Cultural Sari Meets Professional Suit

Just weeks ago a friend told me she was worried the henna on her hands might not wash off in time for her job interview. She didn’t want the employer to think of her as lacking professionalism. I understood her dilemma. But there was a lingering question in my mind: does one have to hide culture to look professional?

Indra Nooyi, the Indian born Chief Executive Officer of PepsiCo Incorporated, is a prime example of how culture can be an integral part to a human being and why we should consider it a part of promoting ourselves. Her “mantra for success” is rather different than the standard suit-and-tie professional outlook. According to the blog “Inspire Minds” from WordPress.com, the PepsiCo president states, an important attribute to success is to “be yourself”. According to “Inspire Minds,” Nooyi once bought a suit to wear for a summer job interview and felt that the suit was not only ill-fitting and too “country bumpkin” but  also covered her true self. During the next interview she was advised by a career counselor, “If they can’t accept you in a sari, it’s their loss, not yours.” Nooyi wore her sari and not only received the job, but continued to wear her cultural garments to work. She stated, “Never hide what makes you.”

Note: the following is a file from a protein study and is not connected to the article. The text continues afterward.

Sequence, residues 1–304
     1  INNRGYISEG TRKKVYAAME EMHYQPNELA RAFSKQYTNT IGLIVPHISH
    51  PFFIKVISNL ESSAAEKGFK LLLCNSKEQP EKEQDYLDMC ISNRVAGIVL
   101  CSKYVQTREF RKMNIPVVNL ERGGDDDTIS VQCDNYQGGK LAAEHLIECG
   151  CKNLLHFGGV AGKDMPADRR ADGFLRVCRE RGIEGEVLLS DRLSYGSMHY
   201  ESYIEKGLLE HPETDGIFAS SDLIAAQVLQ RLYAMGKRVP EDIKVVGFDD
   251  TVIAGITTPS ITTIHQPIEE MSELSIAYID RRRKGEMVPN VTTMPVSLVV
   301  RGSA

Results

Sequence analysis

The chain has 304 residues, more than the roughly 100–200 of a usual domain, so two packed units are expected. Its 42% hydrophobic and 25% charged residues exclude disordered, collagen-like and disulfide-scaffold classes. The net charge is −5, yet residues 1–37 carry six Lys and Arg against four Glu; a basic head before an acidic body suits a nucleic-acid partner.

Indra Krishnamurthy Nooyi, the Indian-born Chief Executive Officer (CEO) of PepsiCo Incorporated

Indra Nooyi had a direct connection with her Indian wear. But for those of us who immigrated from all over the world, we often rely on certain places to help us practice culture. When you walk down Liberty Avenue, what do you see? Over time Liberty Avenue has developed into the hub of the community. Stores filled with cultural garments are in place and customers, not only of Indian and Indo-Caribbean descent, but of all races, are often referred to find cultural items there.